World Bulletin/News Desk
Israel's right-wing Deputy Transportation Minister Tzipi Hotovely has called for the resignation of security chief Yoram Cohen after the latter urged members of the Knesset (Israel's parliament) to refrain from visiting occupied East Jerusalem's flashpoint Al-Aqsa Mosque compound.
In a Wednesday interview with Israeli public radio, Hotovely, who is also a Knesset member, said Cohen should be removed from his post after "choosing to justify the massacre of a three-month-old-baby and address false plots against Jews."
Hotovely, who belongs to Prime Minister Benjamin Netanyahu's Likud Party, defended controversial visits to the holy site by Knesset members, stressing that the latter would "continue to make the pilgrimage to the Temple Mount as they wish."
Cohen, who leads Israel's domestic security service, known as Shabak, had urged Knesset members not to make any more visits to the Al-Aqsa Mosque compound – or to propose any legislation aimed at partitioning the holy site between Muslims and Jews – in order to avert "a religious war" between Palestinians and Israelis.
His request, which came at a meeting one day earlier with the Knesset's foreign affairs and defense committee, came following an attack by two Palestinians on a Jewish religious center in West Jerusalem that left four Israelis dead.
The attack was the latest episode in an ongoing wave of upheaval which has engulfed Jerusalem and the rest of the occupied West Bank for months, fueled by the abduction of murder of a Palestinian teenager and an ensuing military offensive on the Gaza Strip that left over 2,160 Palestinians dead.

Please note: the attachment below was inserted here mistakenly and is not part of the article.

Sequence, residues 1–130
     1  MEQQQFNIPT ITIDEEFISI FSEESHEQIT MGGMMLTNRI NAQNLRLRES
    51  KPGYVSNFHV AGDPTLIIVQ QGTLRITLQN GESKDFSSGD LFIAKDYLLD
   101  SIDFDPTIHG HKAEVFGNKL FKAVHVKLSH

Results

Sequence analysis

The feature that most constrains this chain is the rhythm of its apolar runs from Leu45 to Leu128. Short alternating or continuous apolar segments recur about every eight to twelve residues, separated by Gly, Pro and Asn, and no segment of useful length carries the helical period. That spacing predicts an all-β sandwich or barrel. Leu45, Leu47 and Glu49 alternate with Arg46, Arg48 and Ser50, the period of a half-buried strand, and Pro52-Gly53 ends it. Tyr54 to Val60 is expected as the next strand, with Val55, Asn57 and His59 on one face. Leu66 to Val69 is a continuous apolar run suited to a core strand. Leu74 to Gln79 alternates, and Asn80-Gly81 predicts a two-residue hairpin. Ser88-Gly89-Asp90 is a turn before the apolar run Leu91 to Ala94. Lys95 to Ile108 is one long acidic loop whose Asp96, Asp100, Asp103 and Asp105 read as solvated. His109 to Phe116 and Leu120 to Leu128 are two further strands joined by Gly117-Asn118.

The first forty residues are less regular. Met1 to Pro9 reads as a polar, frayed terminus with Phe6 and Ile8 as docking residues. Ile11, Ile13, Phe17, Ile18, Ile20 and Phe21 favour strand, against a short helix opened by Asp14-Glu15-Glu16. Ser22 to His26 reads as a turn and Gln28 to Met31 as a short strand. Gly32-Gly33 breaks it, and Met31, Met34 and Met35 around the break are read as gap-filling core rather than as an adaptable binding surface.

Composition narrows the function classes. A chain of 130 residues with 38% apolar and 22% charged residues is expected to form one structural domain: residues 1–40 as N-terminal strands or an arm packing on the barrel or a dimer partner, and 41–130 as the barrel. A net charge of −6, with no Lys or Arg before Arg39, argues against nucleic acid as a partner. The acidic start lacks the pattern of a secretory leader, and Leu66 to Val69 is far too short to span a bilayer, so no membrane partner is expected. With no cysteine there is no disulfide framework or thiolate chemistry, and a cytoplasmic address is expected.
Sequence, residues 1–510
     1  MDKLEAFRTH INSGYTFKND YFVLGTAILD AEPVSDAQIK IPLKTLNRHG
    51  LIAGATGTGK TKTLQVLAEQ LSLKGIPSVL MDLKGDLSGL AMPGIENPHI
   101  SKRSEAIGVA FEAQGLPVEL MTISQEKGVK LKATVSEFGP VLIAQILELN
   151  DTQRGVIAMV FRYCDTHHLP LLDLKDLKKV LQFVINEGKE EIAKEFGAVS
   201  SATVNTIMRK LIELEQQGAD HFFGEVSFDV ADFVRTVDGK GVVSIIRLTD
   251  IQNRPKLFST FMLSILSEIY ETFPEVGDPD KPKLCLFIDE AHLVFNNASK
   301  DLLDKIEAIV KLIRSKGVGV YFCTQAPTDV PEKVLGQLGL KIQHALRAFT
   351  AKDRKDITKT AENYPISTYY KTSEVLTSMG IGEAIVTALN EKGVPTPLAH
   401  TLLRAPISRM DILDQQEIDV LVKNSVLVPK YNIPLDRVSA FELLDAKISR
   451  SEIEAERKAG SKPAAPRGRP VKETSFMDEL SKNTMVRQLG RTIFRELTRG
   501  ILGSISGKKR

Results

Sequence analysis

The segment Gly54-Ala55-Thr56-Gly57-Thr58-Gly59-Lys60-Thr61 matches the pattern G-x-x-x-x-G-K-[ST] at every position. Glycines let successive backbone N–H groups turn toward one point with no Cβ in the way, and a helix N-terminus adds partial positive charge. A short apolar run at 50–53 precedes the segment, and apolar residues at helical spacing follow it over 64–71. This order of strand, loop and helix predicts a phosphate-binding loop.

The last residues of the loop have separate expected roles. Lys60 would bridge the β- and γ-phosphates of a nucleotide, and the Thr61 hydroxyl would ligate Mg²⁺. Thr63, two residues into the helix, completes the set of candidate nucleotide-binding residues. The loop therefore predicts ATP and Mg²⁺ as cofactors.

Moreover, increasingly frequent intrusions by Jewish settlers and Israeli cabinet ministers and MPs into the Al-Aqsa compound while ratcheting up entry restrictions on Muslim worshippers have angered Palestinians and often led to clashes.
Tensions mounted further when Israel temporarily closed the Al-Aqsa Mosque complex in late October following the injury of an extremist rabbi who was shot by a Palestinian man in West Jerusalem.
Since then, six Israelis – including two security personnel – have been killed and several others injured in a spate of attacks by Palestinians.
For Muslims, Al-Aqsa represents the world's third holiest site. Jews, for their part, refer to the area as the "Temple Mount," claiming it was the site of two Jewish temples in ancient times.
In September 2000, a visit to the iconic religious site by controversial Israeli politician Ariel Sharon triggered what later became known as the "Second Intifada," a popular uprising against Israel's decades-long occupation in which thousands of Palestinians were killed.Last Mod: 19 Kasım 2014, 13:35